Unknown. Earliest attestation in 1863 US, specifically Texas. A theory is that it comes from the brass tacks in the counter of a hardware store or draper’s shop used to measure cloth in precise units (rather than holding one end to the nose and stretching out the arm to approximately one yard).
get down to brass tacks
- (idiomatic) Deal with the important details.
deal with the important details
- 1863, January 21, 1863, The Tri-Weekly Telegraph, newspaper of Houston, Texas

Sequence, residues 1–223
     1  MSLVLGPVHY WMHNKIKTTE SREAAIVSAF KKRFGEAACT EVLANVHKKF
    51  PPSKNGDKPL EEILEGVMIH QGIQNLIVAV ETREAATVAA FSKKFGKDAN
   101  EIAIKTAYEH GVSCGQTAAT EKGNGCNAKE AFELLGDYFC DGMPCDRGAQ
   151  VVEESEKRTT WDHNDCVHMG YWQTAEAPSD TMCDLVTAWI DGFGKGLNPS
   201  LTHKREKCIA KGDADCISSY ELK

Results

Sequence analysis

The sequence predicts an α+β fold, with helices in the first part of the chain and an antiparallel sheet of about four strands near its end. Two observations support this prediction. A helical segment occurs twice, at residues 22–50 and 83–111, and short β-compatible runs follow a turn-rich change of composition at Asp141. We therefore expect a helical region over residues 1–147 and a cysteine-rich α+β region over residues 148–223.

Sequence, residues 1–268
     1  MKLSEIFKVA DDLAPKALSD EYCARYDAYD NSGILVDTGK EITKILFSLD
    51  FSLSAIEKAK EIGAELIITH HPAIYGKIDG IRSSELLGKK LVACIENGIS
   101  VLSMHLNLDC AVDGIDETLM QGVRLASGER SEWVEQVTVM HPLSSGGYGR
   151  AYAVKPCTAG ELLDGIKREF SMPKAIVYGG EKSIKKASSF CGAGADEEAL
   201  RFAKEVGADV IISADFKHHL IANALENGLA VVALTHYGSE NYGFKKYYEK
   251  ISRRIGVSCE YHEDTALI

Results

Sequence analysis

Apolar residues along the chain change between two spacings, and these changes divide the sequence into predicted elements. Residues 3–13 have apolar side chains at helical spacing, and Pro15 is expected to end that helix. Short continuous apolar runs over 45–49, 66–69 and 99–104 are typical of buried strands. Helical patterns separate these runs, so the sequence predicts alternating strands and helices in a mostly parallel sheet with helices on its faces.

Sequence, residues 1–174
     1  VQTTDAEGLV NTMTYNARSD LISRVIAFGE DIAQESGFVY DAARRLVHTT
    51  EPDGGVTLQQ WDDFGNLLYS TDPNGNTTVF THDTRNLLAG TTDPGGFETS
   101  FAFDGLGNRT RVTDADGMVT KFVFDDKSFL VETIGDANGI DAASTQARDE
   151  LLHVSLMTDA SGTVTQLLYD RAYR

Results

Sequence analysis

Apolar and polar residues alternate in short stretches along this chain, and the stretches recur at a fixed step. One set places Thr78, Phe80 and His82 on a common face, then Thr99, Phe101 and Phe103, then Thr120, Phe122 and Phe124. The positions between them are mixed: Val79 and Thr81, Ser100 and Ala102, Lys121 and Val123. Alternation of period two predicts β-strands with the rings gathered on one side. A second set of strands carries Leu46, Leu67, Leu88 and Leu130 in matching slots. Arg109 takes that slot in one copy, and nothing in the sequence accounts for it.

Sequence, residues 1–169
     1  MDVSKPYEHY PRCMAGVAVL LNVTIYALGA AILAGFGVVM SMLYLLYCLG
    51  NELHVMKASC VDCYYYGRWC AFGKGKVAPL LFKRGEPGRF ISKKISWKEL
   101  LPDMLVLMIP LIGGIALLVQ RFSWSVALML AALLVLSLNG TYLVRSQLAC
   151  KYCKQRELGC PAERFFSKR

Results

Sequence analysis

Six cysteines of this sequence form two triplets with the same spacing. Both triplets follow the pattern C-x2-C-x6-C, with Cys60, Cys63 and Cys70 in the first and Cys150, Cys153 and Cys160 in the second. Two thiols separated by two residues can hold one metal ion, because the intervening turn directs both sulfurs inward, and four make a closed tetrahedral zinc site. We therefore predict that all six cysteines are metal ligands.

- When you come down to brass tacks – if we may be allowed the expression – everybody is governed by selfishness.
- 1935, Clifford Odets, Waiting for Lefty
- That's no answer. Get down to brass tacks.
- 1972, Hunter S. Thompson, Fear and Loathing in Las Vegas: A Savage Journey to the Heart of the American Dream
- Let's get down to brass tacks. How much for the ape?
- 1994, Quentin Tarantino and Roger Avary, Pulp Fiction
- You must be Jules, which would make you Vincent. Let’s get down to brass tacks, gentlemen. If I was informed correctly, the clock is ticking. Is that right, Jimmie?
- ↑ 1.0 1.1 “brass tacks”, Wordorigins.org, Dave Wilton, Monday, May 26, 2008.